Most young adult women who regularly visit indoor tanning salons support the introduction of policies to make it safer, but are against a total ban. This is according to a study led by Darren Mays of Georgetown University Medical Center in the US, in the journal Translational Behavioral Medicine: Practice, Policy, Research, published by Springer. The findings are good news for regulators who are finalizing stricter regulations aimed at highlighting the skin cancer risks associated with artificial tanning.
Skin cancer is the most common malignancy in the US, with more than 3.5 million new cases being diagnosed annually. Most skin cancers are preventable by reducing a person's exposure to ultraviolet radiation -- either from the sun or from the intentional use of indoor tanning facilities. The latter account for an estimated 10 percent of all annual skin cancer cases in the US.
By 2015 more than 40 US states had already taken active steps to address this public health concern by introducing stricter regulations to limit indoor tanning, especially among minors. New regulations issued by the Food and Drug Administration (FDA) have seen tanning devices reclassified as moderate to high-risk medical devices. The FDA also has a set of new regulations on the cards that highlight the health risk associated with indoor tanning.
As part of efforts to assess the level of public support for such policies, confidential self-report online surveys were completed by 356 non-Hispanic women in Washington DC. They were all between the ages of 18 and 30 years old and had indoor tanned at least once in the past year. They were asked about how regularly they did so, their attitudes, perceptions and beliefs towards the practice and how they felt about new policies being proposed to regulate the industry.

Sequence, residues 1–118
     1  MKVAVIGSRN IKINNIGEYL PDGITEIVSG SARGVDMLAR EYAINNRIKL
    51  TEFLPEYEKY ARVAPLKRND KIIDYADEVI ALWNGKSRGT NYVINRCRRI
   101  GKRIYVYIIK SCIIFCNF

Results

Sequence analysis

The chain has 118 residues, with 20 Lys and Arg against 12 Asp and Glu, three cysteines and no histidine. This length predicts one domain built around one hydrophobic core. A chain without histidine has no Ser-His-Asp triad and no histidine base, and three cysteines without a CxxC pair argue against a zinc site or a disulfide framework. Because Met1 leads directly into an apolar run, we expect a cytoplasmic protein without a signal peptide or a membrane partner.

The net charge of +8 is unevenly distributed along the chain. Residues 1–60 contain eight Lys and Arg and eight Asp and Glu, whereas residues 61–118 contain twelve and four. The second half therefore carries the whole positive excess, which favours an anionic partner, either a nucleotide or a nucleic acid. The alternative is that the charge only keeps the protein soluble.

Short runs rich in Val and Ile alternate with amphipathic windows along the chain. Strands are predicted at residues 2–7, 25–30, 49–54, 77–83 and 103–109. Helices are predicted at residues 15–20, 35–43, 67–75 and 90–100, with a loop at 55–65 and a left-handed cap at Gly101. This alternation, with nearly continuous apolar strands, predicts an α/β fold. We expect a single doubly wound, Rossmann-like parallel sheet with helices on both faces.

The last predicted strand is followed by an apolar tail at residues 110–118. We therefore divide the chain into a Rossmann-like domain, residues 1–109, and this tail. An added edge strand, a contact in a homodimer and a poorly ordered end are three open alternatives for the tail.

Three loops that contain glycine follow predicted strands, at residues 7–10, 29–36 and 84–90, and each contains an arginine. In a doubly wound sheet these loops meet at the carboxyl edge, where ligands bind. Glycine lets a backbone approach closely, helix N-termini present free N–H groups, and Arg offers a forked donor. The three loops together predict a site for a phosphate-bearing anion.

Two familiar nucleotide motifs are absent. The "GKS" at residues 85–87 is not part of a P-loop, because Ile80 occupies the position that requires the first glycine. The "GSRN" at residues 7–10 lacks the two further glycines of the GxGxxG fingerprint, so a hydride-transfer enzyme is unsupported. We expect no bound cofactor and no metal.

The results show a high level of support for prevention policies similar to those that have recently been proposed for national enactment by the FDA. Three in every four participants (74 percent) supported policies to prevent children younger than 18 years from indoor tanning. About the same number of women (77.6 percent) were also in favor of stronger health warnings being placed on the tanning devices themselves. Support for a total ban on the practice was however very low, with only one in every ten participants backing such a notion. Countries like Australia and Brazil have already banned indoor tanning.
"Non-Hispanic white young adult women who indoor tan, the primary consumers of indoor tanning and a high-risk population, largely support indoor tanning prevention policies implemented by many state governments and those currently under review for national enactment," says Mays. "Given the low levels of support for a total indoor tanning ban, support for other potential policies such as increasing the minimum age to 21 should be investigated to inform future steps to reduce indoor tanning and the associated health risks."
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